• Awareness that all parents have the same kind of problems with their children.

• Encouragement to reflect about their own behaviours and parenting styles in their own homes.

• Possibility to reflect that daily problems are caused, in many cases, by daily rhythm and stress that hampers the problems' resolution with calm.

4. Conclusions and recommendations

Summarizing, the main results presented in this paper indicate that parents that participate in the training of positive parenting implemented in Spain - among other countries - found the training very interesting and enriching as they learned new knowledge and skills, as well as tips on how to manage difficult situations (Garces et al., 2012). So, their participation in the training supposed motivation and confidence to continue working in their children's education and well-being.

An enriching and healthy parenting style is one of the basic rights that children must have, as parenting practices have a major influence on their development (Collins et al., 2000). So, one of the key sources and pillars of children's rights and children's protection are parents. In this sense, it is very important to train parents how to respond in difficult situations with children through coping successfully stress and anger.

Through the literature has been found that when parents use positive discipline techniques, parent-child interaction is positively related to school adjustment, social acceptability and achievement in young children. When parents use positive discipline techniques, they display warmth, responsiveness and respect to the child need's and sensitivity. At the same time it imposes reasonable limits without resorting to belittling or punishments that are abusive, punitive or inappropriate for the child's stage of development. Parents who use positive discipline techniques seek to enhance the happiness of both the child and parent.

The training model developed in the Be Supportive, Not violent! project is designed to create a family friendly environment that supports and reinforces parents in raising their children on a day-to-day basis as other similar programmes (e.g. Sanders, 1999). In this sense, this new model is a useful tool that adaptable to different contexts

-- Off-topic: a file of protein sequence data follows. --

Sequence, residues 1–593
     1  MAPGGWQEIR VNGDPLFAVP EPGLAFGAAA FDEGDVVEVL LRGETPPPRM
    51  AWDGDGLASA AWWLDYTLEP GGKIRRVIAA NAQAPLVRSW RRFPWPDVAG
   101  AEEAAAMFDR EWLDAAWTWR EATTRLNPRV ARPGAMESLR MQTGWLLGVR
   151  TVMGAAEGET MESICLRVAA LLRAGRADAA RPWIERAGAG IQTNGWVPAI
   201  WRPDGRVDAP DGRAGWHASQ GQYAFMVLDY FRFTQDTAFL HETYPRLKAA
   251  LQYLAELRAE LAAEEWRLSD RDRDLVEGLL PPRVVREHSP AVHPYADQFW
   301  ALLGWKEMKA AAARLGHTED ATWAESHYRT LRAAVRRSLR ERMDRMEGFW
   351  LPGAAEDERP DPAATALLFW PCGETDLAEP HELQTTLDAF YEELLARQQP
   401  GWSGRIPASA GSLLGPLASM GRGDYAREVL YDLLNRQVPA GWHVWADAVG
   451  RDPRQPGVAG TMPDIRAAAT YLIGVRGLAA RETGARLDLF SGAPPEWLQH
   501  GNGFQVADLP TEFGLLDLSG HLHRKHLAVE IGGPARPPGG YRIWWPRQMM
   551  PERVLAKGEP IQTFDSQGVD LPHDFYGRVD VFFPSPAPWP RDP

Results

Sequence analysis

and countries according to their special features and culture; as well as taking into consideration specific needs of particular groups of parents.

In summary, positive discipline brings together what is known about child's rights, children's healthy development and effective parenting. Thus, through providing basic knowledge and reinforce parenting skills in parents foster that children learn a cognitive and behavioral model based on positive discipline and non-violent reactions that, at the end, they can use it both with their parents and peers relationships.

Acknowledgements

The work presented in this paper received funding from the European Commission through the III Daphne Programme (project reference: JUST/2010/DAP3/AG/I059-3O-CE0396518/00.42).

References

Bartau, I., Maganto, M., & Etxeberria, J. (2001). Los programas de formación de padres: una experiencia educativa. Revista Iberoamericana de Educación, 25, 1-17.

Bolwby, J. (1988). A secure base: Parent-child attachment and healthy human development. New York: Basic Books Inc.

Collins, W.A., Maccoby, E.E., Steinberg, L., Hetherington, E.M., & Bornstein, M.H. (2000). Contemporary research on parenting: The case for nature and nurture. American Psychologist, 55, 218-232.

Danforth, J.S., Harvey, E., Ulaszek, W.R., & Eberhardt McKee, T. (2006). The outcome of group parent training for families of children with attention-deficit hyperactivity disorder and defiant/aggressive behavior. Journal of Behavior Therapy and Experimental Psychiatry, 37, 188— 205.

Doñate-Martínez, A., Garcés, J., Ródenas, F., Durá, E., & García, C. (2012). European state of the art of child maltreatment context: a research on legal framework, good practices and direct sources. In DVD of The International Conference "Good practices of positive parenting at European level".

Furlong, M., McGilloway, S., Bywater, T., Hutchings, J., Smith, S.M. & Donnelly, M. (2012). Behavioural and cognitive-behavioural group-based parenting programmes for early-onset conduct problems in children aged 3 to 12 years. SystRev., 15 (2), 356-370.

Garcés, J., Ródenas, F., Durá, E., & Doñate-Martínez, A. (2012). Analysis about the current situation of child maltreatment in Europe: legal framework, good practices and new proposals. In Proceedings of XIXth ISPCAN International Congress on Child Abuse and Neglect, (pp. 111). Retrieved from http://www.ispcan2012.org/abstracts_2012.pdf.

Kotchick, B.A., & Forehand, R. (2002). Putting parenting in perspective : A discussion on the contextual factors that shape parenting practices. Journal of Child and Family Studies, 11, 255-270.

Nelson, J., Lott, L., & Gleen, H. (2000). Positive Discipline in the Classroom. New York, Three Rivers Press.

Sanders, M.R., Markie-Dadds, C., Tully, L.A. & Bor, W. (2000). The Triple P-Positive Parenting Program: A comparison of enhanced, standard, and self-directed behavioral family intervention for parents of children with early onset conduct problems. Journal of Consulting and Clinical Psychology, 68 (4), 624-640.